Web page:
Brit competition regulator will soon be able to seize rogue traders' domains – and even Amazon accounts

Wide-ranging powers come into force in June

Got Tips? 26 Reg comments
Someone grabbing another person's wrist

The UK's Competition and Markets Authority (CMA) will soon acquire new EU-derived powers allowing it to seize control of rogue traders' eBay and Amazon accounts, and even their entire websites, if it thinks "consumer interests" might be being harmed.

New legal amendments coming into force in June will let the CMA apply for "online interface orders", giving it a wide range of potential measures over business websites and accounts on large platforms.

People and companies targeted by the new orders, a creation of a new EU consumer protection regulation, could be forced to delete their websites or parts of them, disable or restrict access to them, "display a warning to consumers", or even transfer an entire domain name into the CMA's control.

The Department for Business, Energy and Industrial Strategy (BEIS) confirmed to The Register that the new powers are entering UK law as a result of changes made at EU level. The new Consumer Protection (Enforcement) (Amendment etc.) Regulations 2020 extend competition regulators' powers over so-called "online interfaces".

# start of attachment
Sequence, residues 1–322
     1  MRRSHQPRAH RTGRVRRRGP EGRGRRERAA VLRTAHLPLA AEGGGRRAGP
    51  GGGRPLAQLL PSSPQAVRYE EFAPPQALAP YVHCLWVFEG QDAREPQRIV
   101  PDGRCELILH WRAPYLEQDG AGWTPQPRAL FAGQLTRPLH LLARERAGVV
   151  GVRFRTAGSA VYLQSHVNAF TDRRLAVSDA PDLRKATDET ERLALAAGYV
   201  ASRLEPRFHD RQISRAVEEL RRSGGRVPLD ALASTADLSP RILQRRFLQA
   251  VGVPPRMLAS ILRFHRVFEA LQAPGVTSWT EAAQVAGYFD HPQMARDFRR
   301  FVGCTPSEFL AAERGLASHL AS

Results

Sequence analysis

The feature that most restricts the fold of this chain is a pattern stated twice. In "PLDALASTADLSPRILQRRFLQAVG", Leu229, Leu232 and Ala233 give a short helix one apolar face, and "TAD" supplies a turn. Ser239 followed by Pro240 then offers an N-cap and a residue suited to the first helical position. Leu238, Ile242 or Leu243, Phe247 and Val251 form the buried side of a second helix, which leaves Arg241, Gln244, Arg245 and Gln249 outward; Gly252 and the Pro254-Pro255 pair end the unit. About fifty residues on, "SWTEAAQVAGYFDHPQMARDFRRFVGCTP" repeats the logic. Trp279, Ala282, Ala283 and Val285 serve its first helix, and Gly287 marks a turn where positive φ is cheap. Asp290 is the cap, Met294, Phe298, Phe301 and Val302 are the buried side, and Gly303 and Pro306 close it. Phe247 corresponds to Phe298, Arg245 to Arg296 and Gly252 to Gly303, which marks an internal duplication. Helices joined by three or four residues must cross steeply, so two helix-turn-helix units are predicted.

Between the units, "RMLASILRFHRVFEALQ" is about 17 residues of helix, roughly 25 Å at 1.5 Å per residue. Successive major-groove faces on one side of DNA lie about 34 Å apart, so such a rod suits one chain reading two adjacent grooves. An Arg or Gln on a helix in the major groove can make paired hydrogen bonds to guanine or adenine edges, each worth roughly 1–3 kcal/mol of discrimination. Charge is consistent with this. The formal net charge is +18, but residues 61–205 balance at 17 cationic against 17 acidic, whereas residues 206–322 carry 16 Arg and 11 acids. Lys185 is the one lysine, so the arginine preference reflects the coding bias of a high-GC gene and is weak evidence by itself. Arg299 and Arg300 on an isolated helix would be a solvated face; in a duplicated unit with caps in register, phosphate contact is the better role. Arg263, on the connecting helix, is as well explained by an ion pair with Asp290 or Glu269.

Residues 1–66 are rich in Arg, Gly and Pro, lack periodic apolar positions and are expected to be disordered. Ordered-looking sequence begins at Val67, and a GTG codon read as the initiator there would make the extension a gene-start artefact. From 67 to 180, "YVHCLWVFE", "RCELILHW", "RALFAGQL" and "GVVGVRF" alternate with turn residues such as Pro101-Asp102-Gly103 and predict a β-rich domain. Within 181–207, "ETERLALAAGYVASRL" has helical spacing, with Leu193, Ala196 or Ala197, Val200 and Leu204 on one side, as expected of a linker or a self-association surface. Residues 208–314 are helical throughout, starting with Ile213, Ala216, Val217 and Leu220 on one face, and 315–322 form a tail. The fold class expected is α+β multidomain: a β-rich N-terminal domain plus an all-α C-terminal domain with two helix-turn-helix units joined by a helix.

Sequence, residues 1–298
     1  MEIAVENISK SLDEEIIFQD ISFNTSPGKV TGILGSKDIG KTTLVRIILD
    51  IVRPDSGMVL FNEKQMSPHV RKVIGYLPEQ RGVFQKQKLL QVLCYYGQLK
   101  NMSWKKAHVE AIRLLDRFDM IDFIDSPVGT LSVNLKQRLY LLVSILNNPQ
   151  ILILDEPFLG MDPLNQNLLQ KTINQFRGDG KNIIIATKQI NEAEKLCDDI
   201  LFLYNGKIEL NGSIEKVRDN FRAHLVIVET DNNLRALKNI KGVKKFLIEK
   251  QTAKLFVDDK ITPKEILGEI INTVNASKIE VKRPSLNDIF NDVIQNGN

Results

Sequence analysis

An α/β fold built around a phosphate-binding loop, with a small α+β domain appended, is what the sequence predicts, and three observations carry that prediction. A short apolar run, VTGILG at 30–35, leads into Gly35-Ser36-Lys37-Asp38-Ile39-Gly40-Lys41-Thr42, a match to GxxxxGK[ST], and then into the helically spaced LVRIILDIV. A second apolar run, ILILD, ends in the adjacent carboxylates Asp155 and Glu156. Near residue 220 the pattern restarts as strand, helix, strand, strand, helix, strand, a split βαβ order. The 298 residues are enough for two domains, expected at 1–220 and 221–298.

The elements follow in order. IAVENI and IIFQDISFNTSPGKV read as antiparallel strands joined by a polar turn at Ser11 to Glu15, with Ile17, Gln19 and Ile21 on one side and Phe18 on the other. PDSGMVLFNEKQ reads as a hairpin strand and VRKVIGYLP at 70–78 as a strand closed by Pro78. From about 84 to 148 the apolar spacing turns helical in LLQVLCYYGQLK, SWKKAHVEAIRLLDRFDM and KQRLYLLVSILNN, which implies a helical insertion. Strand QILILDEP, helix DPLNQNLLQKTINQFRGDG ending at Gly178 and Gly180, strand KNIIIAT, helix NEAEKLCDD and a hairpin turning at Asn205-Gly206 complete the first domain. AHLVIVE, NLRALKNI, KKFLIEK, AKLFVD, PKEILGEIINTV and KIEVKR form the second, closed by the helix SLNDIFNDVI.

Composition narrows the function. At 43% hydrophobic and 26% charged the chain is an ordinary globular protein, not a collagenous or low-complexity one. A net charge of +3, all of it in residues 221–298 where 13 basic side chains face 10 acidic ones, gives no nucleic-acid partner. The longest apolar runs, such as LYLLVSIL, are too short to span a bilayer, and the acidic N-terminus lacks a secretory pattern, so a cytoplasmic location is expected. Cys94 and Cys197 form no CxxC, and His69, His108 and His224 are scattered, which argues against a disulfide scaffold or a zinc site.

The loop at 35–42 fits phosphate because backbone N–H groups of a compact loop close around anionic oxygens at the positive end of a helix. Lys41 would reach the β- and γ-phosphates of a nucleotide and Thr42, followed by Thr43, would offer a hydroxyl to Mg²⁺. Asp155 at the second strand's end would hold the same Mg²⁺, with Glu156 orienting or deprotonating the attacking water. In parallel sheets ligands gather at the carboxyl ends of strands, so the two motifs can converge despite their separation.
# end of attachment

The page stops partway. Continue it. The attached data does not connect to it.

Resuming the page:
As defined in the new regs, which come into force on 2 June, "online platform" means "any software, including a website, part of a website or an application, that is operated by or on behalf of a trader, and which serves to give consumers access to the trader's goods and services."

To safeguard the public from misuse of the new powers, the CMA will have to apply to a court and convince a judge that there is no other way to stop a rogue trader apart from seizure and/or deletion of their website or online sales accounts.

Neil Brown, tech lawyer behind firm decoded.legal, told The Register: "Given the current debates about the imposition of a nebulous 'duty of care' on platforms, it's pleasing to see an approach centred on judicial oversight, in the form of a court order. This should give confidence to a platform on the receiving end of one of these orders that the action they are being compelled to take has received a reasonable degree of independent scrutiny."

He added: "Sod knows how they came up with the term 'online interface', though."

A BEIS spokesman told The Register: "Consumers should be able to trust online markets, and this new unparalleled power will strengthen protection by allowing the CMA to remove online content when it threatens consumers' interests. We will work closely with industry and regulators to ensure the new powers remain proportionate and effective."

Website seizure powers exist elsewhere in the world, most notably in America. Whatever safeguards exist over there didn't stop the Department of Homeland Security from helping itself to the dot-com domain of a Brighton-based ad agency earlier this year. Despite a department employee admitting it was a cockup over mistaken identity, the domain was only returned to its rightful owners after the ad agency agreed to sign a waiver promising not to sue for damages.

Hopefully the UK system's safeguards will amount to more than a judicial rubber stamp. ®

Sponsored: Practical tips for Office 365 tenant-to-tenant migration

SUBSCRIBE TO OUR WEEKLY TECH NEWSLETTER


Biting the hand that feeds IT © 1998–2020